Last Thursday’s intraday volatility, which saw the Dow plummeting nearly 1000 points, has left European investors tentative about Wall Street, according to market participants.
“The market gyrations in the past several days have been nothing short of psychotic,” Gregg Loshin, independent investor in New York, said.
“I’m not sure if European, or American investors for that matter, have really digested the swings that started last Thursday."
“I think the movements shed light on the fact that all the circuit breakers did not work as they were supposed to work and also brought many rumors to light such as 'cyber-terrorism' or a rogue order associated with a massive input error,” he said.
On Tuesday, the Treasury Department, Securities and Exchange Commission Chairman Mary Schapiro, Commodities Futures Trading Commission Chairman Gary Gensler, and the heads of several exchanges briefed Treasury Secretary Tim Geithner on their preliminary findings to address the issues associated with last Thursday's market tumble.
But as of yet there is no definitive explanation as to what occurred.
“The big issue is that nobody knows what happened,” Rich Gates, co-portfolio manager at TSF Capital, said.
“It may take months to get to the bottom of it – there’s an unbelievable amount of forensics associated with (electronic trading.)” “There’s clearly problems out there," Gates said.
"I think it’s going to be harder to figure out the initial decline, the six minutes when it just dropped. Did it start in futures? Options? Equities?”
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Some Europeans invest in the US markets because there's a perception they are more liquid and more dynamic and also because the US economy is more flexible and a recovery is more likely there.
But after last Thursday’s roller-coaster ride, some might shy away.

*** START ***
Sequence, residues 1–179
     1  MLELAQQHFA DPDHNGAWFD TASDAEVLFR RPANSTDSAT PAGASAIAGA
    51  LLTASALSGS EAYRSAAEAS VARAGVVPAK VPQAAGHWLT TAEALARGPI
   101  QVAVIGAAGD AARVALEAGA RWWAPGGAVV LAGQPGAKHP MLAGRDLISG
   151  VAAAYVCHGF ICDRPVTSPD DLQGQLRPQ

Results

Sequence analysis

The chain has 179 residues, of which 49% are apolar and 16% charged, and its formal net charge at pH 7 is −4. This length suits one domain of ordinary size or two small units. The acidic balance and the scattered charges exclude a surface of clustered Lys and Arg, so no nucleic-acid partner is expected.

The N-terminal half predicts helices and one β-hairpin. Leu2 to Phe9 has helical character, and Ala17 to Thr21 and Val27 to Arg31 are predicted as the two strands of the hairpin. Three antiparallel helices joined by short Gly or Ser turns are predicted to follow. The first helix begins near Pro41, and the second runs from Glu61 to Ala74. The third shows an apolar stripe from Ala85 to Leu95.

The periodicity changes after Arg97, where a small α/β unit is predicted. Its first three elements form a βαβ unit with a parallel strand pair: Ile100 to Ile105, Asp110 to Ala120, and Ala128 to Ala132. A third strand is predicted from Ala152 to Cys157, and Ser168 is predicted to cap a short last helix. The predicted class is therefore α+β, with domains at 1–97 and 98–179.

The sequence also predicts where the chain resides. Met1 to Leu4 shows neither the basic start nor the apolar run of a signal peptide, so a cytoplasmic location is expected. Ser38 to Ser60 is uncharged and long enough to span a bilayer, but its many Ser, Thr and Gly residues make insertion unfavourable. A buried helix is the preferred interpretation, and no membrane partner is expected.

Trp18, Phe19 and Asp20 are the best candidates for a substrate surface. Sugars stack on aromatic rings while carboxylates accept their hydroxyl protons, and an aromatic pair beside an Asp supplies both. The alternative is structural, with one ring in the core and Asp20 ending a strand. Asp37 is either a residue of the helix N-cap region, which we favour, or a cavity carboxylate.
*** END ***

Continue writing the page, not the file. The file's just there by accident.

“Europeans as a whole are more skeptical to begin with than our friends across the pond," Heini Beretta, European development director for global fund exchange, said.
"But I think the fact that nobody has owned up to a fat finger mistake is rather ominous because it shows that buying volume was exhausted, there were not enough speculative bids in the market to prevent the slide.”
“I don’t think it’s an issue of speed, I think it’s an issue that there’s not the right safeguards in place,” Adam Sussman, director of research at TABB Group, said.
Other investors argue that a healthy respect for the markets has returned.
“I don’t believe that investors have lost faith in the market functioning,” Loshin said, “But everyone has been harshly reminded that statistically there are going to be outlier days of market movement … whereas we have not witnessed them in many months.
Ahead of the swings the VIX -- S&P volatility index -- was at a low 15.5, indicating a low amount of worry in the market.
“This clearly demonstrates that there was a pervasive mindset of no fear,” Loshin said. “I think there hasn’t been a loss of faith, but a healthy respect for the markets and their possible swings has come back into vogue for the time being.”
“I would guess this has a big impact on the retail investor psychology and it does create uncertainty," Beretta said.
"That’s why I would expect we will more gradually move down below (DOW) 10,000 over the next few months.”